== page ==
managemnet company strategy managemanet How AI Can Help Stressed-Out Managers Be Better Coaches

How AI Can Help Stressed-Out Managers Be Better Coaches

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Middle managers receive pressure from their leaders to spend more time developing and teaching their direct reports. The pressure also comes from below, as an employee expectations are high for real-time, personalized feedback, especially for those early in their careers or who have come a long way. The challenge is to satisfy these demands without getting even at a higher level middle manager burnout and stress. Based on our research and advisory work, we have seen new AI tools that make it easier for managers to provide high-quality coaching more efficiently.

Employees want more coaching, but managers don’t have the capacity

OC Tanner’s 2023 Global Culture Survey found that leaders whose management responsibilities – including training employees – increased in the past year showed a 21% higher rate of anxiety, increasing the likelihood of burnout by a staggering 520 %.

Despite the potential for overload, managers often want to coach their employees because they know it’s beneficial. In fact, managerial coaching has been shown to increase job satisfaction, knowledge sharingand display — all the results that organizations (and managers!) want.

The AI ​​opportunity

Our field review shows that AI-based managerial coaching is not yet common, so we offer two case examples to show what it can do for your organization:

Eleos Health

Eleos Health is a behavioral health technology company that Katherine studied in depth during her ethnography. RESEARCH REVEALS. The Eleos platform uses HIPAA-compliant software to record and analyze conversations between therapists and clients. In addition to saving time for therapists to take notes, the platform’s AI automatically identifies relevant evidence-based techniques and summarizes key moments in conversations between therapists and clients. client.

A therapist explained: “After each session, the Eleos platform analyzes the counseling techniques I used and provides a helpful summary. It gives me a good sense of where I left off with that patient and what interventions I should use next time to best help them. In this way, the AI ​​platform enables therapists to make self-improvements in their work without having to rely heavily on supervisors for guidance.

In addition, the AI ​​platform can facilitate more useful checkpoints between therapists and their supervisors when they need to meet. For example, it can be used to quickly synthesize or retrieve relevant data in a client session when discussing a complex case, reducing reliance on memory or notes. As one supervisor told Katherine, “New therapists always have questions … Eleos’ analysis allows me to zero in on key moments in their session visits, or on techniques that used by therapists, as well as the patient’s progress over time, so that our teaching time together can be used most productively.”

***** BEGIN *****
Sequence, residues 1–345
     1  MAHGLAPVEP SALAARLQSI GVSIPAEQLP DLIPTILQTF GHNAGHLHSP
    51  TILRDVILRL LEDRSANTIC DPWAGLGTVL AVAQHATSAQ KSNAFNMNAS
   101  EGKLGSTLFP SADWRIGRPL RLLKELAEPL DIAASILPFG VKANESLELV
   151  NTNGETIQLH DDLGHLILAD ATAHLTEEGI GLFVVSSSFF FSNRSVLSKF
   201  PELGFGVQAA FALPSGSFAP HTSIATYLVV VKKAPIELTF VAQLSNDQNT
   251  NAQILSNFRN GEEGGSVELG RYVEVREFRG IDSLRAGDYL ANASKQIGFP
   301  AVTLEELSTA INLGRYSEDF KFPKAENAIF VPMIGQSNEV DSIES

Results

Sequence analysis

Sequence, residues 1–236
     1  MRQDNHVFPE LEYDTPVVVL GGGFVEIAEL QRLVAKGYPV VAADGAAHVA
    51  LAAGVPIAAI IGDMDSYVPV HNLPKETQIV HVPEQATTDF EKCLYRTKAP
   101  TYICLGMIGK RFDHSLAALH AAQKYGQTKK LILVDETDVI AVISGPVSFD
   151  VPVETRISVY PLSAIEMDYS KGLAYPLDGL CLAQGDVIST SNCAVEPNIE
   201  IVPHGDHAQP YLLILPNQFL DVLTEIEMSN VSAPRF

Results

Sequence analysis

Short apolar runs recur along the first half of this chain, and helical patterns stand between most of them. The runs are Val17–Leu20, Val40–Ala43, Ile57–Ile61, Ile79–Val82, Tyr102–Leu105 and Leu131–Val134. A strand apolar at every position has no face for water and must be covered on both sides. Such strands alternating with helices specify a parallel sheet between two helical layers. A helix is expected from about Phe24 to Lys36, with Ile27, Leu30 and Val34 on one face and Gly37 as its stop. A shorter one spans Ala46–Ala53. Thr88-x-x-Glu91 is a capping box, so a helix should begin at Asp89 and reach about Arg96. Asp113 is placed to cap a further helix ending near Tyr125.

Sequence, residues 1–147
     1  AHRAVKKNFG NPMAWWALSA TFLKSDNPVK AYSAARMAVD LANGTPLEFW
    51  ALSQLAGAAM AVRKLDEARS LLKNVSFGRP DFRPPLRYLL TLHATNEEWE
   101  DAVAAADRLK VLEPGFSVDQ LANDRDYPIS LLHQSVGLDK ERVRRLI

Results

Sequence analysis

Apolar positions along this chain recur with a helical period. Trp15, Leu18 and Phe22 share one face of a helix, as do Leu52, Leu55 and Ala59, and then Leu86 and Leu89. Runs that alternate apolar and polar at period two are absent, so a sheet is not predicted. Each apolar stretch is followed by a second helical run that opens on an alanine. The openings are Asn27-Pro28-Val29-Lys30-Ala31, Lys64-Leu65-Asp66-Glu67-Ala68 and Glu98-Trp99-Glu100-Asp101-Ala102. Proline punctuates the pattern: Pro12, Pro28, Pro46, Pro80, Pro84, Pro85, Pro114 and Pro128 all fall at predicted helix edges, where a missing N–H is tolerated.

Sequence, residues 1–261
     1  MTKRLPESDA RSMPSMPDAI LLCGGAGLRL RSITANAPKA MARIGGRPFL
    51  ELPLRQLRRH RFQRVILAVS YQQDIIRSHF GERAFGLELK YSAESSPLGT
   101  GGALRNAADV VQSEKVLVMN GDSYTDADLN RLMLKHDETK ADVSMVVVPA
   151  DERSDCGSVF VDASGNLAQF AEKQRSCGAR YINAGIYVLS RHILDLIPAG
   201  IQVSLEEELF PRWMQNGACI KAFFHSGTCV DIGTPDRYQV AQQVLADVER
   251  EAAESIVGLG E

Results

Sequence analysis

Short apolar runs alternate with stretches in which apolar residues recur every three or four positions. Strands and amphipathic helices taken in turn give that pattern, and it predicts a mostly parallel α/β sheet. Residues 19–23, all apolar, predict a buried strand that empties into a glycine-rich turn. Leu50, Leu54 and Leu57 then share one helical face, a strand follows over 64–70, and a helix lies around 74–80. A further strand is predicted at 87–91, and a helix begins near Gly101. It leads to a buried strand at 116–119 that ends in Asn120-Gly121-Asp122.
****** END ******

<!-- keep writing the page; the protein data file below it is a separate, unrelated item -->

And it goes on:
The second example comes from Gong, which is developing an AI platform for sales teams. Gong’s platform seamlessly captures live interactions between agents and prospective clients. As the conversation continues, the AI ​​crunches data in the background, examining how variables such as pace, topic, tone, and turn-taking compare to that company’s best practices. This data is used to provide insights and advice to sales agents in real time.

In addition, Gong’s AI can automatically create a library of high-quality examples of recorded sales conversations to serve as a resource for independent learning. This has been found to be especially helpful for new hires, who can listen to good sales calls at their own pace, rather than relying on direct training from others.

Identifying important onboarding content and providing sales reps with real advice during sales calls saves managers hours of time spent listening to new hires’ calls to help them understand what works and what doesn’t in the sales process. The result is efficient knowledge transfer. As one Gong user told us, “The platform empowers me to improve my skills and share best practices with fellow sales reps. I find that AI-based knowledge-sharing through feedback and metrics lead to continuous improvement across the team.

Understanding the potential challenges

We are not endorsing any particular tool or company, but we encourage HR and people managers to keep an eye out for AI options that can improve the management of their organizations. Other companies in this space include Beamery, Hum, Culture Amp, BetterUp, Skillsoftand IBM. We expect new offerings to continue to emerge, including embeddings of generative AI capabilities.